Maize Seed Production

Maize Seed Production

Introduction

A healthy maize cob
© A.A. Seif, icipe
Maize has for many years been the crop against which food security is measured in Kenya. However, when it comes to seed supply, farmers are often at the mercy of large seed companies and may not always be able to get the kind of seed they want. In many maize producing areas farmers have kept and multiplied old maize varieties, which over time have become better adapted to their climatic zones, better able to withstand extreme weather conditions and at least provide them with a yield when hybrids fail.
Also Kenya Agricultural and Livestock Research Organization (KALRO) has maintained some of the old open pollinated varieties for their research and developed new ones especially for dryland areas, where the seed companies do not have much to offer. The following is a listing of best practices for maintaining and developing the best type of maize seed for particular areas. Farmers interested in maintaining their own seed supply can possibly find inspiration here.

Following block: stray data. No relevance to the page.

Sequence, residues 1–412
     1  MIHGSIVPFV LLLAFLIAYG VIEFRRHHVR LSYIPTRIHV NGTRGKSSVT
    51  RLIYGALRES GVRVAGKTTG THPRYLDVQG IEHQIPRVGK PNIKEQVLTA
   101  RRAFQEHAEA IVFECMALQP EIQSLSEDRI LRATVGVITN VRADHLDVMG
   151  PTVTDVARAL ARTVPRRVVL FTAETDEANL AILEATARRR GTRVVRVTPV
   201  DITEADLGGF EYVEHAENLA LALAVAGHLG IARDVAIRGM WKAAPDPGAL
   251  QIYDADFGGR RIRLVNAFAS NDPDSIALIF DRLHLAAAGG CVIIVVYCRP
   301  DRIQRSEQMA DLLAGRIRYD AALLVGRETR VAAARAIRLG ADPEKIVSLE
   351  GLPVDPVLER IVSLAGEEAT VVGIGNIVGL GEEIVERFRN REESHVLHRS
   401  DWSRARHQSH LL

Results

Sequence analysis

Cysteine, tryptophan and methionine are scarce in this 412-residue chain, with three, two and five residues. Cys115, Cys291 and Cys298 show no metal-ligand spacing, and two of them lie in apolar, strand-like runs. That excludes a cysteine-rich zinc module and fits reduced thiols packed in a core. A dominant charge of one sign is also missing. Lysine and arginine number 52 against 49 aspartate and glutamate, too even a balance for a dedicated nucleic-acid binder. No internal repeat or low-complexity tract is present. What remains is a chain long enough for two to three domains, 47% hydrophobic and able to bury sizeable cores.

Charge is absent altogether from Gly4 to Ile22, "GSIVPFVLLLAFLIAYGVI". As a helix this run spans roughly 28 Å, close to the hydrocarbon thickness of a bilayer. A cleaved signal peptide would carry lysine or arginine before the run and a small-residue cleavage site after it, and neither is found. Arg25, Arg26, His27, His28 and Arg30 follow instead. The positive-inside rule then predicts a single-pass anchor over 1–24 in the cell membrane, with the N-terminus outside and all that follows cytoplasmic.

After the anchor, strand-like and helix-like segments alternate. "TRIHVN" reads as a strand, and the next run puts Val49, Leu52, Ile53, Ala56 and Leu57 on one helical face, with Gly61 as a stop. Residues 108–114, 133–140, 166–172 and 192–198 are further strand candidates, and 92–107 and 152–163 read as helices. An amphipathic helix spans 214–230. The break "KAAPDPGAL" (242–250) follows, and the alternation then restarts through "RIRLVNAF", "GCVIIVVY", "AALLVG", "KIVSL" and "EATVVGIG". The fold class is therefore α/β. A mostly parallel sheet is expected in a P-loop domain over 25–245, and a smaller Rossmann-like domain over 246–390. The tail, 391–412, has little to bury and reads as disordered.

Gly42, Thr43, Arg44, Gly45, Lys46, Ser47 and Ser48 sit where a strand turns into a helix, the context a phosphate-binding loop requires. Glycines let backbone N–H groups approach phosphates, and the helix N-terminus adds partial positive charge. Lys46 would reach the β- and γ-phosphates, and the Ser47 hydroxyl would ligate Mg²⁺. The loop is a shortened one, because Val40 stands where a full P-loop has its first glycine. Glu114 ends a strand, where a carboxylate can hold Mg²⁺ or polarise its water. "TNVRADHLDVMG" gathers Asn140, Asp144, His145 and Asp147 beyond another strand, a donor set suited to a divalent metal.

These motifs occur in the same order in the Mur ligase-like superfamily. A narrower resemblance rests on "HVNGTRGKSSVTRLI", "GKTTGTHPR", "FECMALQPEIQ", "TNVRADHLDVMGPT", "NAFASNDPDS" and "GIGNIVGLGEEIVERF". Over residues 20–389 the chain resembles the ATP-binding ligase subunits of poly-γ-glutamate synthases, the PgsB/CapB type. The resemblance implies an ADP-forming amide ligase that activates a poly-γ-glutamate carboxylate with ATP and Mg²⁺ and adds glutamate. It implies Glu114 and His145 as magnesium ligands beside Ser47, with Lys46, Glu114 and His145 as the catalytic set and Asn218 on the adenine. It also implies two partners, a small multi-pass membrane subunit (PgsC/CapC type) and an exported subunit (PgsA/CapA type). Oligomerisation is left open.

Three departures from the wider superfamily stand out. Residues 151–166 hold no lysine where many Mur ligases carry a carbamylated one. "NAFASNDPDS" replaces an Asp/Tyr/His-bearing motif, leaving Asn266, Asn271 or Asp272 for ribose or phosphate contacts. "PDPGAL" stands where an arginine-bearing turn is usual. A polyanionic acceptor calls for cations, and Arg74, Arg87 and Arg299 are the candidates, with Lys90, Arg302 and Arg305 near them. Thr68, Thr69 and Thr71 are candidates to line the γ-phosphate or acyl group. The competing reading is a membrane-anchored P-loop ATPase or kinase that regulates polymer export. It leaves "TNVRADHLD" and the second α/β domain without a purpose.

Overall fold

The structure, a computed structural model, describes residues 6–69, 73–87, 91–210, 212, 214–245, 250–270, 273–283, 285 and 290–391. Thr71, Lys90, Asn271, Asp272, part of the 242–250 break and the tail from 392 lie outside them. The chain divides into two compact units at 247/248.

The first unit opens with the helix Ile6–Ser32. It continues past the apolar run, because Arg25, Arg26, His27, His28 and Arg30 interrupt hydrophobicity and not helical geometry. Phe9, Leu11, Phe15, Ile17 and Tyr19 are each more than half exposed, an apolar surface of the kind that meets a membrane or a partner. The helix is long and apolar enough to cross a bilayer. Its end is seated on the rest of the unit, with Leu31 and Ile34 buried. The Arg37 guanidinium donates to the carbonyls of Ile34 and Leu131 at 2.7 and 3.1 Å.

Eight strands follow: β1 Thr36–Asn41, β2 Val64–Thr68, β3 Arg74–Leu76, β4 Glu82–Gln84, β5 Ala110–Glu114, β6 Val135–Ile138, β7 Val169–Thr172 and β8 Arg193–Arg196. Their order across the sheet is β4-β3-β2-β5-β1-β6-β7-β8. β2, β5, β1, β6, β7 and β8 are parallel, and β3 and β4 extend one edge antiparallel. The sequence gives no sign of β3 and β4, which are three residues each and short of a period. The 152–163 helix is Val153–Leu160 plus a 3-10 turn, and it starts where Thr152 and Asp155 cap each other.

Production of own maize seed by smallholder farmers

Own maize seed can only be produced from varieties which are not hybrids. Hybrid varieties are made by planting two varieties in the same field, allowing only the male parent to produce pollen, and harvesting the seed only from the female parent. This is controlled crossing of two different parents. The offspring (the hybrid) will perform better than the average of the parents or even better than each of the parents. Generally hybrid maize varieties are denoted by letter "H". Some examples of hybrid maize varieties in Kenya include: "H 614", "H 626", "KH 600-15A", "H 516", "KH 500-21A", "Pwani Hybrid 1" and "Pwani Hybrid 4".However if you try to plant the seeds from the cobs of these hybrids, your plants will not have the characteristics of the mother plants and also the yields would be different.